Deep Sea Mining News

Image Credit;  alswart/AdobeStock

Fincantieri, Saipem in Deep-Seabed Mining Tie-up

Italian shipbuilding firm Fincantieri, and its compatriot energy services company Saipem have signed an agreement to promote the development of deep-seabed mining (DSM), i.e. the sustainable exploitation of deep-sea floors over 3,000 meters in depth. The memorandum of understanding signed between the two companies sets the ground for a strategic partnership aimed at developing and pursuing business opportunities in the field of designing, engineering, building, and managing DSM systems."Deep-sea floors are rich in minerals, mostly sulfides (sulfur), cobalt crusts, and polymetallic nodules

A computer-generate view of the seafloor that shows some of the hydrothermal chimneys in the Endeavour hydrothermal vent field. © 2020 MBARI

MBARI: Hydrothermal Mapping is Heating up

;s new maps to plan research dives and the location of monitoring equipment. Additionally, data can be used to estimate the volume and mass of hydrothermal deposits in the chimneys, which is critical for understanding the distribution of metal-rich rocks around vents, some of which have been targeted for deep-sea mining

© Alex / Adobe Stock

Deep Sea Mining Could Destroy Undiscovered Species, Says Ocean Panel

Mining on the sea floor should not begin before a full assessment of likely environmental impacts can be made, a report commissioned by the High Level Panel for a Sustainable Ocean Economy (Ocean Panel) said on Wednesday.Environmentalists including Britain's David Attenborough have called for a ban on deep-seabed mining that would extract resources including copper, cobalt, nickel, zinc, lithium, and rare earth elements from nodules on the ocean floor.The International Seabed Authority (ISA), a U.N. body headquartered in Jamaica, has drawn up regulations on exploration, but has yet to establish the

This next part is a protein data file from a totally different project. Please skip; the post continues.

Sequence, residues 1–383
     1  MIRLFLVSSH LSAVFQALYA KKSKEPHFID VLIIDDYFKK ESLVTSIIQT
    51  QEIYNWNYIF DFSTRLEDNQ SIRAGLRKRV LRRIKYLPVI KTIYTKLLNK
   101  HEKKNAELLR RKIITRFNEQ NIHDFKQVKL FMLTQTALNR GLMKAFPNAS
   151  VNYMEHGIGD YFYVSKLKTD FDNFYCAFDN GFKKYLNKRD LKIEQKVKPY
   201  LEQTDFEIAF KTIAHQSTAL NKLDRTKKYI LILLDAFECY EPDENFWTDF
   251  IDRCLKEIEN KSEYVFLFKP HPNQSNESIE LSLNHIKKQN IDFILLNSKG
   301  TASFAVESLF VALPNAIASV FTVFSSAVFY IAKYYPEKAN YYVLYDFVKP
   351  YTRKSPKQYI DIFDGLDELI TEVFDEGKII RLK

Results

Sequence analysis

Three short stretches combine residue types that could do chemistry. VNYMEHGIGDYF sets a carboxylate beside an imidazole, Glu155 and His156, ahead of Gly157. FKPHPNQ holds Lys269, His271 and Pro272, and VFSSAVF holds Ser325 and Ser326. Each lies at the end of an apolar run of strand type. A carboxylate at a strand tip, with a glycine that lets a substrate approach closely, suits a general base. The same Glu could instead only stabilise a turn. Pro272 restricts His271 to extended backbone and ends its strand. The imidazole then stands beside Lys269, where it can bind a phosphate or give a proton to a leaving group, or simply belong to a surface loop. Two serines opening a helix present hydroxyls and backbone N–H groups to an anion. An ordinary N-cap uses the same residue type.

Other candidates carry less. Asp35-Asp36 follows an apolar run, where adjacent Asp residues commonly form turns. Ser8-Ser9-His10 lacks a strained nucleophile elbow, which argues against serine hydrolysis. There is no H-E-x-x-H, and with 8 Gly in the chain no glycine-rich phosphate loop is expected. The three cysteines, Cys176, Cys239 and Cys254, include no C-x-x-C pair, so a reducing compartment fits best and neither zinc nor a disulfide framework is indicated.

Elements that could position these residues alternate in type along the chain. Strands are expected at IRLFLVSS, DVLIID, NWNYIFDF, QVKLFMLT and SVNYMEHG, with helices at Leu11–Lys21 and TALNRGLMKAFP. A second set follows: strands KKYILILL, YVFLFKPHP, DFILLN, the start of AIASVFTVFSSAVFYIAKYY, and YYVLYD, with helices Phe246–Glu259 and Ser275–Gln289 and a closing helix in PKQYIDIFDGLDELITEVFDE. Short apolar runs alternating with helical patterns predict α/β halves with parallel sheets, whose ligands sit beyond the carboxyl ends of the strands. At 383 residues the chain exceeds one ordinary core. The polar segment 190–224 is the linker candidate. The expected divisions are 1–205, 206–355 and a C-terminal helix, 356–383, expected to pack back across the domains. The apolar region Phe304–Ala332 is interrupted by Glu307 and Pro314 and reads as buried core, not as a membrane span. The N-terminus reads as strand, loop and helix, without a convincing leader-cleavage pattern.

© Alex / Adobe Stock

Indonesia Processing Requests for Deep-sea Mining Waste Disposal

domestic smelters.The government is keen to produce stainless steel and battery-grade chemicals from nickel laterite, and eventually manufacture batteries and electric vehicles.Environmentalists, however, are concerned such developments will damage the local ecosystem.“Two companies have requested deep-sea tailing permits. One is based on Obi Island and another is from Morowali,” Safri Burhanuddin, a senior official at the Coordinating Ministry of Maritime and Investment Affairs, told a virtual media briefing.Harita Group is building a high-pressure acid leaching plant on Obi Island to extract

(Photo: Allseas)

Drillship to Be Converted for Subsea Mining

Swiss-based offshore contractor Allseas said it has acquired an ultra-deepwater drillship for conversion to a polymetallic nodule collection vessel.In partnership with deep sea mining company DeepGreen Metals Inc., Allseas is developing a deep-sea mineral collection system to recover polymetallic nodules from the ocean floor and transfer them to the surface for transportation to shore. The nodules contain high grades of nickel, manganese, copper and cobalt—key metals required for building electric vehicle batteries and renewable energy technologies.The former Vitoria 10000 will be converted to